On Claudian’s ‘The Old Man of Verona’

 
 
André Naffis-Sahely
 

Situated halfway between Venice and Milan, recently the epicenter of the coronavirus pandemic, the city of Verona has had its fair share of detractors over the years, perhaps none quite as blighting as Byron, who spent some time within its walls shortly after quitting England for good. “I shall remain here a day or two to gape at the usual marvels,” Byron wrote to Thomas Moore in late 1816, “the amphitheater, paintings, and all that time-tax of travel – though Catullus, Claudian and Shakespeare have done more for Verona than it ever did for itself.” I admit I’ve never been fond of Verona, either. Unlike many, I never thought of it as the city of love; in fact, I have generally found it nothing short of punitively provincial and if only for its deep ties to far-right politics, whether of the separatist, fascist, or purely racist variety, I have never felt very comfortable there. It probably didn’t help that I never cared much for the literature that was set there, whether it was Romeo and Juliet or The Two Gentlemen of Verona – and as for Catullus, he left Verona when very young and moved to Rome, where he met Lesbia, the woman who inspired his poems. Rather, whenever I think of poetry and Verona in the same vein, however rarely that might be, I find myself turning to the least-known of the authors cited by Byron in his letter, namely Claudian and the poem for which he is now best remembered, ‘The Old Man of Verona’.

 

Born late in the fourth century ACE, Claudius Claudianus has long been considered the last of the classical Roman poets, a title he earned not only due to the era of rapid decay he witnessed, but for his poetry’s subject matter, some of which he devoted to the mixed-race general Stilicho, whom Gibbon called the last of the Romans. Despite being honored with a statue in the Forum prior to his death, few now recall Claudian or his long poems, for instance the riveting ‘Against Rufinus’, where the poet rails against the greed of the Eastern Emperor’s right hand, or ‘The Gothic War’, the only Latin poem to truly express the dread felt by Romans at the prospect of their empire’s inexorable downfall. Rather unfortunately, if Claudian is remembered at all, it is for an English translation of one of his shorter, untitled poems.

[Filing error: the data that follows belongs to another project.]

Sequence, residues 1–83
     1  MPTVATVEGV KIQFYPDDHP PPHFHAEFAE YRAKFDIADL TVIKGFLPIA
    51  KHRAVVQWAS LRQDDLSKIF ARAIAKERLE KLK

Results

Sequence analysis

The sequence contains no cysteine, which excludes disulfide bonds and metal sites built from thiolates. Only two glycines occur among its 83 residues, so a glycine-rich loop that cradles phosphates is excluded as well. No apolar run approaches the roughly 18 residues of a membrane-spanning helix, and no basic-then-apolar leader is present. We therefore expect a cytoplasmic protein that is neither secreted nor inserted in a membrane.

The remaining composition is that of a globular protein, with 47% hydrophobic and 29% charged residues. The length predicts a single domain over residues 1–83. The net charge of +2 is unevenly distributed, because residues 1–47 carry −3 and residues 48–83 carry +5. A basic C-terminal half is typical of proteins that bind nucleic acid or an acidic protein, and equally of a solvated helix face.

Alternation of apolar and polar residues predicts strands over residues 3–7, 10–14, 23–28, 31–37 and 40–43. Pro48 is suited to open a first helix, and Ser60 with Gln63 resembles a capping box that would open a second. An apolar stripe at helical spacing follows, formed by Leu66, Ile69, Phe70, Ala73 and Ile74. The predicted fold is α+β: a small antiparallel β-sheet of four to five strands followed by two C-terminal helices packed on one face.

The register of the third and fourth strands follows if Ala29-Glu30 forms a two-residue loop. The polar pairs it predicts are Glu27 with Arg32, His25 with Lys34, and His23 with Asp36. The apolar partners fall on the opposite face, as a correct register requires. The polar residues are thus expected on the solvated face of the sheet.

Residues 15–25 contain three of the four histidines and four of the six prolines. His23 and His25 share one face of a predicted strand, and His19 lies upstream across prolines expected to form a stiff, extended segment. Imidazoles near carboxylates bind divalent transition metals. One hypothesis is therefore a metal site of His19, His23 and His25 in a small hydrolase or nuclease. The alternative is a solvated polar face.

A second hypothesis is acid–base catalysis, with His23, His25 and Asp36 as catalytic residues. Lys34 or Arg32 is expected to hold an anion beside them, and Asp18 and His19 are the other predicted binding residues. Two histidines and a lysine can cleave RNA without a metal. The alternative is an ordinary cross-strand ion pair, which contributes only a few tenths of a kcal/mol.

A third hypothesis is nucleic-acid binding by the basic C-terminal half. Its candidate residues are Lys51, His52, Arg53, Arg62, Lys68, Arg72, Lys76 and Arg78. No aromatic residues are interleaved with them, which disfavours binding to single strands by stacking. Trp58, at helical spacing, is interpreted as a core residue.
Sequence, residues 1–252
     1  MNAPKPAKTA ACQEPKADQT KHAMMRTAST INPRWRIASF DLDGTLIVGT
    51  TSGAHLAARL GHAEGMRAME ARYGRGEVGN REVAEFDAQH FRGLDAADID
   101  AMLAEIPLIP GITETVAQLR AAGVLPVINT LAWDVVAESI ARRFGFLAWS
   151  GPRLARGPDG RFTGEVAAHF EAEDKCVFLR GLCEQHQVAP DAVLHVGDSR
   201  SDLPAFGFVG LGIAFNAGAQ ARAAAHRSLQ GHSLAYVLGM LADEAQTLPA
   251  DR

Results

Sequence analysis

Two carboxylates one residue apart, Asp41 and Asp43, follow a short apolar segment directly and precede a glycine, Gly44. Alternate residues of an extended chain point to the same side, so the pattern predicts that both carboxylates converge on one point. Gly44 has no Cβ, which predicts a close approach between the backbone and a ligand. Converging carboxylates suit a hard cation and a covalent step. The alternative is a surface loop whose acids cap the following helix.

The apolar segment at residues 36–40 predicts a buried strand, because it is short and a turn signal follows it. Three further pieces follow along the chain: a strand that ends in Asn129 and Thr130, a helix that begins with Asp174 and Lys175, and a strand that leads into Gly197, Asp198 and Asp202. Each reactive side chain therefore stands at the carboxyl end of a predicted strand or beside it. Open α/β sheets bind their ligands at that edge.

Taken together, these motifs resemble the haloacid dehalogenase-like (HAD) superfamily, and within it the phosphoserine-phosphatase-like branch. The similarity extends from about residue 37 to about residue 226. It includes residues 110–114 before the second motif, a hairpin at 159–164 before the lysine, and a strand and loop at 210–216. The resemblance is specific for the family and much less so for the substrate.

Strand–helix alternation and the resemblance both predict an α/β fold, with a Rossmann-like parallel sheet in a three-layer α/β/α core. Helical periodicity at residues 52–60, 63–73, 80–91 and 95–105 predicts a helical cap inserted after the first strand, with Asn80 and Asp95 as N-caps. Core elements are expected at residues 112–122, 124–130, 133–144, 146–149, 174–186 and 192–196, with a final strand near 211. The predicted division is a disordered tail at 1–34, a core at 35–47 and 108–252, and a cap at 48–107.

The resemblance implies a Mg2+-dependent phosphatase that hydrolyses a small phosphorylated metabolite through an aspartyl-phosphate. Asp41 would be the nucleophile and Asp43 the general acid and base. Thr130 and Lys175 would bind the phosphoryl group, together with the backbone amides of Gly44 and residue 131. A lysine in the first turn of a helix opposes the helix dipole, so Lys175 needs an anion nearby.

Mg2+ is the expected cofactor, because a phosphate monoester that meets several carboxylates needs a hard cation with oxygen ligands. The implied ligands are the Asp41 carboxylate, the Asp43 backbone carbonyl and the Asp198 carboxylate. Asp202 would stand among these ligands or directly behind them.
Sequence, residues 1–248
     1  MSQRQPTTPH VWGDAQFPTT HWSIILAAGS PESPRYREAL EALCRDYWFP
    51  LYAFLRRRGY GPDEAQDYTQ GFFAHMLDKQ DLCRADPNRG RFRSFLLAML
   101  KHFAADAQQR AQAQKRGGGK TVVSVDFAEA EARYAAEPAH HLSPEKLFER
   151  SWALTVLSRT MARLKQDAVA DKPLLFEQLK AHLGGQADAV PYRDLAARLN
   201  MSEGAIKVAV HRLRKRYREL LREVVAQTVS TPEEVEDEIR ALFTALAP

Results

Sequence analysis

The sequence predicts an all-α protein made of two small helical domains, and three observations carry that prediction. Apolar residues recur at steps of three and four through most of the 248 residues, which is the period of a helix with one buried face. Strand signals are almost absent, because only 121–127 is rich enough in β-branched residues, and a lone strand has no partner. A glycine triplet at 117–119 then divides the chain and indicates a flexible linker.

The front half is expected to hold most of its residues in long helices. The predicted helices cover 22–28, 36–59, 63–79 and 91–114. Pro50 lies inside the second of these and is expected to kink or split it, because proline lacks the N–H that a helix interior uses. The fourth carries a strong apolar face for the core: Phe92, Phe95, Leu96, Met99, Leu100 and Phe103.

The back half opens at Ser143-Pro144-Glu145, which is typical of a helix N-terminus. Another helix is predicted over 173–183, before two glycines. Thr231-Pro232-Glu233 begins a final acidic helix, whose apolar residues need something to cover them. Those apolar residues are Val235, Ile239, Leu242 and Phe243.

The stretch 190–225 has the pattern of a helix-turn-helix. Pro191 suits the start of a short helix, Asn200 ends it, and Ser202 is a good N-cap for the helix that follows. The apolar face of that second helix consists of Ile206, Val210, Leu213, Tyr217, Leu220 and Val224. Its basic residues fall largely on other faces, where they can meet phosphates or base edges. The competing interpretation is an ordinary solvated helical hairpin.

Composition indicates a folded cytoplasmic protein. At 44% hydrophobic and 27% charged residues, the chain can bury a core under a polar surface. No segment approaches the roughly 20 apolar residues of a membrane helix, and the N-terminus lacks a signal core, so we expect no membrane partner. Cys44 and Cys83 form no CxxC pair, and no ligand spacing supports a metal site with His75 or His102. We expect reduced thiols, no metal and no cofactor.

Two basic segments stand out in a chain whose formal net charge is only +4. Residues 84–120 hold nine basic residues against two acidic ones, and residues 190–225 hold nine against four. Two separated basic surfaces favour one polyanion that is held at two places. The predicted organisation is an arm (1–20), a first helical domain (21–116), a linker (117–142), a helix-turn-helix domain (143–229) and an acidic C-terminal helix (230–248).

‘The Old Man of Verona’ is a third-person portrait of a simple farmer living in the rural outskirts of Verona. This man still walks the same fields he did as a boy and he has spent his entire life in the same house, never heeding the call of wanderlust, thus sparing himself a great deal of trouble and misery, including ‘drinking the waters of foreign rivers’. In fact, this old man is such a hodophobe that he’s never even been to Verona itself, although it’s just down the road. Verona, Claudian tells us, is more distant to him than India, and for this, the poet insists, the old man is not only lucky, but happy, for while his life may lack thrills, it is on the whole far better than if he’d ever set out to see the world. Let others go to Spain, Claudian concludes, staying home makes you happier.